whisper number


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Whisper Number or Forecast

An informal forecast of a publicly-traded company's earnings per share. One arrives at the whisper number by a combination of past performance, perceived optimism by company officials, and just plain rumor. The whisper number can be useful, as it is occasionally more accurate than official forecasts. However, the Sarbanes-Oxley Act restricts the availability of some information that previously contributed to the whisper number, making it more difficult for some investors to determine. See also: Price out.

whisper number

An unofficial estimate of a financial variable (generally, earnings or revenues) that will be reported by a corporation. A whisper number may be different from published estimates by financial analysts or earnings guidance provided by corporate management.
Case Study Whisper numbers frequently proved a major factor in moving stock prices during the stock market boom of the late 1990s. A corporate earnings announcement that met consensus estimates by analysts but fell short of the whisper number often resulted in a major price decline in the price of the firm's stock. Likewise, an earnings announcement that exceeded the whisper number could push a stock price higher. Whisper numbers often originated in Internet chat rooms, where individual investors shared rumored information with fellow investors. These rumors were occasionally believed to have corporate insiders as a source. In particular, investors were searching for companies that were likely to report earnings that were higher or lower than expected by Wall Street analysts. Whisper numbers lost their clout following the 2001 implementation of Regulation Fair Disclose, which prohibited companies from making selective disclosures.

Whisper number.

A whisper number is an unofficial earnings estimate for a particular company that a stock analyst shares with clients to supplement the official published estimate.

If the company reports earnings in line with the official estimate when the whisper number has been higher, the stock price may fall anyway since investors were expecting something better.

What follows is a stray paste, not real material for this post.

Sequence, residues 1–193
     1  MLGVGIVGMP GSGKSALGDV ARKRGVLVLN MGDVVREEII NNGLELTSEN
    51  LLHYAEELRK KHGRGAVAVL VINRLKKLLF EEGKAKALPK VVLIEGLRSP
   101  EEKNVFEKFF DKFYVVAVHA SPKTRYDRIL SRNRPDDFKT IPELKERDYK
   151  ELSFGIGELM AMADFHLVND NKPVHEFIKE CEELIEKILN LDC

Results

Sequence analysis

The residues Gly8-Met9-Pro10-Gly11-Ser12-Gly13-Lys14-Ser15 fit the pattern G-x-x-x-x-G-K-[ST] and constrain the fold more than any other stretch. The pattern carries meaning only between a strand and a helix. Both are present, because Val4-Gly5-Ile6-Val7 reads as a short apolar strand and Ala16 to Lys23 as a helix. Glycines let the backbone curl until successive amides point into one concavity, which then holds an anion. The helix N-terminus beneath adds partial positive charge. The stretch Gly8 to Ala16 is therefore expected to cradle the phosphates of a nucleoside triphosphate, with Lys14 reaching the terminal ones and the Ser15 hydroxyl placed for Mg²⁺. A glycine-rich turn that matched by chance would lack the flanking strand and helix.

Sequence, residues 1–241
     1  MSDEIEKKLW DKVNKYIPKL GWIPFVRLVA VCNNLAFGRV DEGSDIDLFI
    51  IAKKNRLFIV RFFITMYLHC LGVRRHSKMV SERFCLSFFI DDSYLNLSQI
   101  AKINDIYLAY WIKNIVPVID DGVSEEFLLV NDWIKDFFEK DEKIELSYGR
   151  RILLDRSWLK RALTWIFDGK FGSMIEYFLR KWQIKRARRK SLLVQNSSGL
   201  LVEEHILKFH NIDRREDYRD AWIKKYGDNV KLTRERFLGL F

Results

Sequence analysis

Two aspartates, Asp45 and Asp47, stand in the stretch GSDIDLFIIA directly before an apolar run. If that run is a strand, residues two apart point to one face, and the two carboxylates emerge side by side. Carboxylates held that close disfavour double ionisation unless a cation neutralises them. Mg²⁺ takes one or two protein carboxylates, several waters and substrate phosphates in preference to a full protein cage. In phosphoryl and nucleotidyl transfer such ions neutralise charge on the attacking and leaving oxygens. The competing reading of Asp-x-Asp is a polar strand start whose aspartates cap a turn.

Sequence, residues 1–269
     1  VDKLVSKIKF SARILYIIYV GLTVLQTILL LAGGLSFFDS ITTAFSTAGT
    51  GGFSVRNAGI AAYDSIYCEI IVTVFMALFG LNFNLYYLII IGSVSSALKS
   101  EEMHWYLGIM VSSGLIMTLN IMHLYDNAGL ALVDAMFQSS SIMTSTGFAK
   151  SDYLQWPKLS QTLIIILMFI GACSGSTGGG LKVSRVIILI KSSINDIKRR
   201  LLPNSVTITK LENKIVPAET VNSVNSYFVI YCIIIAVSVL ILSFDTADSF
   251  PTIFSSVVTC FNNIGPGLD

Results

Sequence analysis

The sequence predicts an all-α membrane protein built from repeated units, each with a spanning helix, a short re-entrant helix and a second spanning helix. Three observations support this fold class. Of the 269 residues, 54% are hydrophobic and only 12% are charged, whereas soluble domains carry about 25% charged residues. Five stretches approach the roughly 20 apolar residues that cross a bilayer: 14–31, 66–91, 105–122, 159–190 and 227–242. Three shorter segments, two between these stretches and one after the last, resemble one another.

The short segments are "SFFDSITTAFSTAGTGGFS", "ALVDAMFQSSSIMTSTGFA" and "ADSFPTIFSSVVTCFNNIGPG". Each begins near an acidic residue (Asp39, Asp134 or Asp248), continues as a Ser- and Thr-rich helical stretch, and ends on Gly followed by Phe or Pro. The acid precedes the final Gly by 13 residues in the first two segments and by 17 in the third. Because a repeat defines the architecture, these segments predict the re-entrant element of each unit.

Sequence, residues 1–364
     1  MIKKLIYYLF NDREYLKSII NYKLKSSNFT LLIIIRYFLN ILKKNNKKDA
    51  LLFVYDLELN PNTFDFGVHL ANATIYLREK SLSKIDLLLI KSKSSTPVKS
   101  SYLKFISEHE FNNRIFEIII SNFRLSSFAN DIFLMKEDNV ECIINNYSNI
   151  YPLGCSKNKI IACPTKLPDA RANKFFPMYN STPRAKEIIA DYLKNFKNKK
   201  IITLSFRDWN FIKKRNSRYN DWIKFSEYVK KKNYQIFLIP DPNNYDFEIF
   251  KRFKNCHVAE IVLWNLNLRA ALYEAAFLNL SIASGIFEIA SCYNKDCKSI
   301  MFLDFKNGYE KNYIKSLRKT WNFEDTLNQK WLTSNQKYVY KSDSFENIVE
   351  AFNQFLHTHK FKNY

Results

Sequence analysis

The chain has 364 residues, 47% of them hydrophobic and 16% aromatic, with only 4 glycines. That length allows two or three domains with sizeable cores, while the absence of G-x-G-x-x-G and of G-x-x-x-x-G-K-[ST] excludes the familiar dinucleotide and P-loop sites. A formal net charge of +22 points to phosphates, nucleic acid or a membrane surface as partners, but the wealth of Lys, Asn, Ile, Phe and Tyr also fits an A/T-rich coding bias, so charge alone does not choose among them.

The same is true in reverse. If earnings fall short of official expectations but meet a lower whisper number, the stock price may go up.

References in periodicals archive ?
A year ago, the technology company was acquired by private equity group Summit Partners for an undisclosed sum, though the Wall Street whisper number was $390 million.
On a call with investors last week, Morgan Stanley analyst Adam Jonas said the "whisper number" on Wall Street was for deliveries to reach the mid to upper 70,000-unit range.
payrolls "whisper number" is being circulated ahead of tomorrow's key September jobs report by Zero Hedge, though this may well have been a factor behind yesterday's yield blowout, along with ADP and Fed's Powell mulling a move past neutral on rates.
Disney has the best-managed, most profitable movie studio in Hollywood (Fox was the worst, hence the cost synergies!) True, The Last Jedi missed its whisper number but Thor and Pixar's Coco will mint box office gold.
A number of studies have shown that the movement of a stock's price when earnings are announced is more dependent on beating or missing the whisper number than announced earnings.
OBAMA'S 'WHISPER NUMBER' (The Wall Street Journal, New York)
The figure also beat the "whisper number" of $5 per share that some analysts and investors were expecting.
An auction of $35B 2-year notes takes place later today (13:00 ET), but the next big catalyst for bonds is likely to be the Q2 GDP print Friday morning - Consensus is calling for growth of 4.2%, but the whisper number is north of 5%.
General Electric: The analysts' EPS is 37 cents, while the whisper number is 35 cents.
Others industry-watchers were saying Neon's $0.08 per share missed the whisper number by several cents or that it hadn't continued with the big earnings surprises of recent quarters.
The entire history of guidance and so-called whisper numbers reflects this short-term emphasis, as opposed to managing a company to thrive over the long-term.
For more from Tom Nawrocki, see: Listening to the Whisper Numbers Rise of the Mega-Caps Problems in the Fund Business